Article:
0)
c
o
10 yds. fine cambric
longclbth    - $1.00
5 yards pink, blue,
white or fawn serpentine crepe $1.00
4 yds. Peau-de-Soie
silk, reseda or tan
 $1.00
Full-size Grecian bedspread   .   .   $1.00
�������-*��*-*i��i-"��*--i,*"��*i*,-*^,,*���^���*"
4 pairs full size H. S.
pillow cases . $1.00
U
it
O
Q
c
O
4x4 Chenille table cov-
ers    ...   $1.00
12 yds. white wincey
flannelette   . $1.00
Men's negligee shirts
 $1.00
4 pairs 35c. cashmere
hose .   .   .   $1.00
Mens $1.50 straw hats
$1.00
���        ���
$2.00 wash boilers at
 $1.00
c
O
54 inch carpet ends,
fringed, $1.50 at
.....    $1.00
Men's silkette  shirts
......    $1.00
���
4 pairs 50c. fancy Lisle
socks   .   .   . $1.00
10 yds. Crums famous
prints   .   .    $1.00
12 China cups and
saucers for . $l.pO
36 inch Messaline silk
 $1.00
Our Entire Stock is now in Excellent Assortment.   You will find the styles right up to the minute and
the qualities we give you are never excelled, $1.00  for $1.00.    We  Sell Everything for the Home
WE FURNISH YOUR HOME COMPLETE.
LEESLIMITED
WE FURNISH YOUR HOME COMPLETE.
Canadian Cadet System
v    Direct Factor for Peace
The cadet movement In the schools most naiural and most thoroughly ef-
il Canada  in  as   yet  ln  ita  infancy,   fective way.
Vancouver has made much progress
in this direction and in Westminster
rrganlzation is being proceeded with.
You  Are  Liable
Those  who attack the  principle of
universal   training   are  evidently   not
At this time, therefore, the following aware of the fact that the law of
'"formation is of value, lt is vouch- Canada now recognizes the principle
ed for by those whose names are sub-, that all men. with comparatively few
UUD.,
,    Nova
-Rector,
Ven-
joined
Rev. Nathaniel Huruash. M.A.. D.
I*., Chancellor, Victoria University,
Toronto.
Very Rev. D. Miner Cordon. M.A.,
n.D.. Principal and Vice-Chancellor,
Queen's   University,  Kingston.  Ont.
A. ll Mackay, B.A.. li.Sc
F.R.S.C., Supt of Education
Scotia.
Uev. Canon  (',.  Dauth,  Vic
Laval University, Montreal.
Kev. li. j. Cody, 1)1)., l,.i.n
Arnhdeacon,   Toronto.
Rev. .1. \v. Macmlllan. nn., pastor
Presbyterian chureh. Halifax.
Rev. Solomon Jacobs, Rabbi, Holy
Blossom  Svnagogui. Toronto
Hev. t. Crawford Brown, ma., pastor New si Vndrew's PreBhyterlau
church, Tortmto.
Itev. I.. Mlnehan, pastor St. Peter's
church. Toronto.
Maurice Button, MA. principal University  College, Toronto.
Walter Jumes Hrown, Aylmer, Onl.
John   A.   Cooper,   M.A.. Toronto.
James I.. Hughes, chief inspector
of schools. Toronto.
"Militarism"   Bogey
There are Canadians who object to
the Introduction of cadet drill into
the schools because they think it develops a spirit of militarism. Experience has proved that this view is
incorrect.    Boys thoroughly enjoy ca
exceptions, are responsible for tha
defence of their country.
Between the ages of IS and 4f, inclusive, men are, now, by law, liable to
be called upon when necessary to do
military service of their country.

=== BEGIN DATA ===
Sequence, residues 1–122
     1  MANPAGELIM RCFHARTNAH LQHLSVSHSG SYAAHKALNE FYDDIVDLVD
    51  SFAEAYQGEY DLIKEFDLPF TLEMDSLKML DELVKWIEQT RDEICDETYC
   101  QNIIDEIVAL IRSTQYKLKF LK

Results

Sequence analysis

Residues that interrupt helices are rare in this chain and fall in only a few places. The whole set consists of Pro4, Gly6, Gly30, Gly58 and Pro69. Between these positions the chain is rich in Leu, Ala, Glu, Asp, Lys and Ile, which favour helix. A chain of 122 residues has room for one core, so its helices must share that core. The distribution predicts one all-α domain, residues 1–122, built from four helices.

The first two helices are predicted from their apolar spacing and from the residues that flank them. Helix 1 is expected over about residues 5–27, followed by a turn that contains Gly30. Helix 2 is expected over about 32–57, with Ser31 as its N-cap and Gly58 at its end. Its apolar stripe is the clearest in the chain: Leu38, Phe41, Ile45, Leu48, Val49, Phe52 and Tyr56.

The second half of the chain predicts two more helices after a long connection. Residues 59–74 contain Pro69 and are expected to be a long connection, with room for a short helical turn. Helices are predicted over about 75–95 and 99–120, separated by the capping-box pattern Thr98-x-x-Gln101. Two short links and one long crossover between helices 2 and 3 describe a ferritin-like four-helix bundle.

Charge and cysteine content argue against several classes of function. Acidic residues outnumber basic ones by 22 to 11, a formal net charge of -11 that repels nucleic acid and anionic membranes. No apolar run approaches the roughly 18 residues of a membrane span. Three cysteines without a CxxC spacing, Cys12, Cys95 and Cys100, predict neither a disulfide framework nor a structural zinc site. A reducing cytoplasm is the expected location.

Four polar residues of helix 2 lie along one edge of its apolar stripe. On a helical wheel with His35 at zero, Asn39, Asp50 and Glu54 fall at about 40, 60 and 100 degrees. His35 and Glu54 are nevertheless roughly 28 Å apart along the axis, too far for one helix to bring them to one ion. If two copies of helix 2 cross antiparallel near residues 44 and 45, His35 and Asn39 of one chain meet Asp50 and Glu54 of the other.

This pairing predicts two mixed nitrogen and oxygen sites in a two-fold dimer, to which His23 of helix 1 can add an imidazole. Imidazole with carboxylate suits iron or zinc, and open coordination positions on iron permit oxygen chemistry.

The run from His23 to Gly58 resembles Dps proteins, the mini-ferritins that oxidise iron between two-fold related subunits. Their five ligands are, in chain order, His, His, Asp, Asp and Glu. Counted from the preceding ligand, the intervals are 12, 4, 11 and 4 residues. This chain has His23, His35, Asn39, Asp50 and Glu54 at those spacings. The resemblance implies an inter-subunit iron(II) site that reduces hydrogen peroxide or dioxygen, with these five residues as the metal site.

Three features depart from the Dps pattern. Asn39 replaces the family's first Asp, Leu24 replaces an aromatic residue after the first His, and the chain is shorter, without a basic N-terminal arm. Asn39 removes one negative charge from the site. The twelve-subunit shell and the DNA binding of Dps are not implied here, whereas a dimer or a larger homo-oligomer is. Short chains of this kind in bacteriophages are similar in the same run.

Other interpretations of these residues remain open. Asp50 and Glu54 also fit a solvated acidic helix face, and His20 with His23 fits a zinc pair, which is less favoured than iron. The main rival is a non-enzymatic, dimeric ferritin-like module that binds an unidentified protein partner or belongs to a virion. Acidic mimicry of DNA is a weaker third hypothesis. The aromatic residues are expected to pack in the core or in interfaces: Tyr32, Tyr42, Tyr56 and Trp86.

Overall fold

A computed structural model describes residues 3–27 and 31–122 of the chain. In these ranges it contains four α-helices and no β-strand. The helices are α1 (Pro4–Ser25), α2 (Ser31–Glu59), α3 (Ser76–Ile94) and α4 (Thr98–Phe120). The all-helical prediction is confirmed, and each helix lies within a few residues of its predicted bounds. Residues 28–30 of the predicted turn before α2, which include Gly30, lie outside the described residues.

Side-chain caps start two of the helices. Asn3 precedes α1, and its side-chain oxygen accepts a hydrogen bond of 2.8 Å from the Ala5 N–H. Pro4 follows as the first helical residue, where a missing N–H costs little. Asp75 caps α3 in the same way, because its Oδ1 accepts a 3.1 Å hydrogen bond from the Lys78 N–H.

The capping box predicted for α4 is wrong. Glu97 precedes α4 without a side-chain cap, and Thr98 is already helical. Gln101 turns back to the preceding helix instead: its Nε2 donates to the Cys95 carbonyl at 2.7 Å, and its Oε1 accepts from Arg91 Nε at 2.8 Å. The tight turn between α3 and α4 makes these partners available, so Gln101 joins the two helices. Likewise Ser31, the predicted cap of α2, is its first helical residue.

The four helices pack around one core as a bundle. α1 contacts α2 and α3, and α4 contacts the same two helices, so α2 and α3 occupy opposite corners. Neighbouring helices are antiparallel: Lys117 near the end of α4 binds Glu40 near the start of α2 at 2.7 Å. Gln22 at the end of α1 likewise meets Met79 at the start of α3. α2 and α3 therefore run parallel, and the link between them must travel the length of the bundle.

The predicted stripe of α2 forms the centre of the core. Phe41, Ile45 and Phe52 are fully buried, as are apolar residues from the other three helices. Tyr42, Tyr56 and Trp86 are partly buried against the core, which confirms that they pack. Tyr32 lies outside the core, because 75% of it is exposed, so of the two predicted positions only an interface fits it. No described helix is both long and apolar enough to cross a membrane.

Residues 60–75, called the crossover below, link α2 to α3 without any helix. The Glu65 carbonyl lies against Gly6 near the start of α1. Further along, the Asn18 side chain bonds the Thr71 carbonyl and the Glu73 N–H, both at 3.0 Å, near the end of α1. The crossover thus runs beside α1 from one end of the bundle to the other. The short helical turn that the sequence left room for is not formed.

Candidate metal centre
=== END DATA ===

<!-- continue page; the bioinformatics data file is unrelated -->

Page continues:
There Is no logical basis for good
citizenship but the one lhat recognize
a man's dutleB to his country.
There is no proper system of training In citizenship thai does not make
all children -girls as well as hoys -
consoic/ns of their responsibilities as
individual units u tlieir country. Hoys
should understand that Ihey will become responsible for the defence of
their homes and their country when
they reach Ihe age of eighteen.
They   should  be  trained  to   use  tlieir
Influence to avoid war; bul the fundamental principle is that they are liable by law to give their service to
defend their country when necessary
In return for the privileges they enjoy  as  citizens.
lt is an indefensible moral ideal lhat
a mnn should enjoy the many rights of
citizenship without recognizing liis re
sponsibllity for the duties   of citizenship.
Keep Laws Intact.
The advocates of the Cadet system
do not wish sny ehnnge in Ihe law
which makes every man liet ween the
age of eighteen and forty-five years
responsible for the    defence    of    his
the coming citizens In the Bcbools than
In any other way.
3. It interferes with the ordinary
duties of men less than any other
possible plan to have the foundation
of military drill given in the schools.
4. It qualifies the men of the country for more complete military training in much shorter time than it
would take to train them without
cadet training in the schools. Men in
later years will find their training in
military drill to be mainly reviewing
the work they did In the school instead
!of having to learn the whole work ut
maturity.
5. Hoys like military drill. From
twelve to sixteen years of age, they
generally like it better than baseball
or lacrosse and because of this fact, it
may   be  used  so  as   to   produce   the
I most  beneficial  effects  upon  charac-
] ter.
fi. A cadet Is not a soldier. He
takes no oath of military service. He
is a boy who, for his own'good and
the good of the country, is disciplined
through wholesome exercises, some of
| which have had a military origin, and
some have nol. Any possible objection to a cadet corps applies with
equal force to the beys' brigade.
ber company's mill is near the Hlan-
dy-Stone shipyard and is excellently
located for mill purposes. The pile-
driving work in conned ion with the
construction of the pier will be commenced, it is reported, as soon as
pile-driving apparatus can be brought
to the selected site.
ii is reported that construction
work on a mill at the lted Cliff site,
not far frcm the wye. will he commenced vfithin a fortnight. The timber holdings have all been secured
and a plant capable of cutting 100.-